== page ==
Welcome to the 2014-15 School Year:

Welcome, everyone, to the 2014-15 school year of the Mercy College Master of Arts in English Literature program. I hope all of you have had a fine summer and are returning (or coming for the first time) to our virtual campus full of curiosity and energy.

For some of you this online learning environment might be a new thing. Even for some of you who have been with us for a time, the online learning environment presents its own set of challenges. I hope you’ll keep an eye out for one another in your virtual classrooms, for anyone who seems to be struggling with the technical (or other) aspects of virtual learning, and that you won’t hesitate to reach out to one another to say hello and see if you might be of some help. Of course there are a number of technical support features available (look in the left-hand menu of your Blackboard sections for helpful links). And you should feel free to contact your professors with specific issues and questions. But even just a note to another student through the Blackboard email feature can sometimes make the difference between a student feeling like they’re on a virtual island, and feeling like they’re connecting to the course and to the student community.

One thing I’d like us to work on increasing this year is the feeling of an online student community. And toward that end the faculty are working on some initiatives behind the scenes (still trying get approval for an informal, non-Blackboard real-time chat room for all MA students). In the meantime I encourage each of you to try and build your own student-to-student connections in the class and outside of it. Trade email addresses, trade phone numbers if you’re comfortable doing that; create informal study groups on your own, through your own email or skype exchanges.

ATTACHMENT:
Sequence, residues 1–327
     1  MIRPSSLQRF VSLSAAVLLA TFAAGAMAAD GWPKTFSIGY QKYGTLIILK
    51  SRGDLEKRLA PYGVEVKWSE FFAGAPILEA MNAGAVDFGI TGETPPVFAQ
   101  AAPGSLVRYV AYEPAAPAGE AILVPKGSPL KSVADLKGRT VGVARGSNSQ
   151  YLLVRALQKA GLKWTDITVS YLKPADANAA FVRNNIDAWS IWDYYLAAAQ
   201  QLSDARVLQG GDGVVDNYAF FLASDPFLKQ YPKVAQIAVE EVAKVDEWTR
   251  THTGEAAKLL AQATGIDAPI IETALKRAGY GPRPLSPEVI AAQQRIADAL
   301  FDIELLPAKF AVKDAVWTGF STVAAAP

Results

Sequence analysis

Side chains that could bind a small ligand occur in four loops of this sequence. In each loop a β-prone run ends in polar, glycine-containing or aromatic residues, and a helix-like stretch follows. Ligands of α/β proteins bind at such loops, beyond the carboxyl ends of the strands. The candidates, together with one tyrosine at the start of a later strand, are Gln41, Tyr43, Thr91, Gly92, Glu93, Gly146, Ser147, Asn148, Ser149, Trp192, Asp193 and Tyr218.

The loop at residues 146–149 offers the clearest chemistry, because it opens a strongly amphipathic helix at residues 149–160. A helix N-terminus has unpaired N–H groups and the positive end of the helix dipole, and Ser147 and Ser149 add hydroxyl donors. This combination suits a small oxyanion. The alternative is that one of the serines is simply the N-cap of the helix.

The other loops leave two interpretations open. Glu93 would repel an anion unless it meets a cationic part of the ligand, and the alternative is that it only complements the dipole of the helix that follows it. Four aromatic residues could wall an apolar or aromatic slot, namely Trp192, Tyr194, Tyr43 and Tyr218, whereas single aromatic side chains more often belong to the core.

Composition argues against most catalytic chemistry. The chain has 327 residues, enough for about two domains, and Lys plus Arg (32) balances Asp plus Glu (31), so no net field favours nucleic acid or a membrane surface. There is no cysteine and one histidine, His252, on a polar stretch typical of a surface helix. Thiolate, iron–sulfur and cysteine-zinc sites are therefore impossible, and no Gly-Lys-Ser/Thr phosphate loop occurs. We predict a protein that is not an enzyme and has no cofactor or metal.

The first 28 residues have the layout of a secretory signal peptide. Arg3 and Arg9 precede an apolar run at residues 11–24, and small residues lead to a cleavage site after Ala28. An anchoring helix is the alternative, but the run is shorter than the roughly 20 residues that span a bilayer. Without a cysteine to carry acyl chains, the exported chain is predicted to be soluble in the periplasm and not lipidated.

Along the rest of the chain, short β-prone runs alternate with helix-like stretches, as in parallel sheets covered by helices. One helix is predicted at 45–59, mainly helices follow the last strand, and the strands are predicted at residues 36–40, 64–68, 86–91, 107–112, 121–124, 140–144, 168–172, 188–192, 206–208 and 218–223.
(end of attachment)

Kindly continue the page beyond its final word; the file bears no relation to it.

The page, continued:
Of course all of you should know that as the Program Head I am here for you. And each of you can write to me at any time if you have any questions, issues, worries, or comments concerning your experience or progress in the program. Additionally, although each of you has an academic advisor, I can also assist each of you in understanding program requirements and course selection. I’m happy to hear from you, and happy to talk or (much more easily) trade emails. I work with the advising department to try and make sure each one of you is taken care of and is on track for the degree. Just think of me as your personal faculty advisor.

Let’s talk about some program news:

As those who read this blog know, we’ve been working behind the scenes here on a slightly evolved program structure that will give you more freedom and choice when it comes to determining how you will earn your degree. That was approved by the College this past spring and I’ve received word that the Registrar is updating our program information in her system right now, and that the new structure will take effect in Spring 2015. How will that effect you and your progress toward the degree? Either not at all, or only positively. The changes only expand the options students have for meeting degree requirements.

So for example all students in the current/old structure are required to complete ENGL 510, Theory and Practice of Expository Writing. That’s a fine class, and we’ll still continue to offer it. But it’s always bothered some of us here that there are no alternatives to it. It can provide invaluable preparation for students who aspire to teach composition and expository writing, but that doesn’t describe the ambitions of every student in our program. Some of you are creative writers and are here primarily to hone and inspire your craft. Some of you are really here just for literary study, and might not want to devote one of your ten required courses to a class more associated with a Composition and Rhetoric pursuit. We know for a fact that many of you agree, based on the surveys and polls I sent around last year (I sent survey links to all of the student email addresses on file with Mercy). And so in Spring 2015, rather than being required to take 510, you will have a choice of courses to take to complete what we’re calling your “Writing and Literary Forms” requirement. You may take 510 to meet that requirement, or you may elect to take Advanced Creative Writing instead; or to take any one of the literary forms courses we offer (on the epic, poetic, essay, narrative, and dramatic forms). All of the upcoming changes will be just like this: expansion of choices. No one will lose anything. All completed or in-progress work will count toward your degree as it has.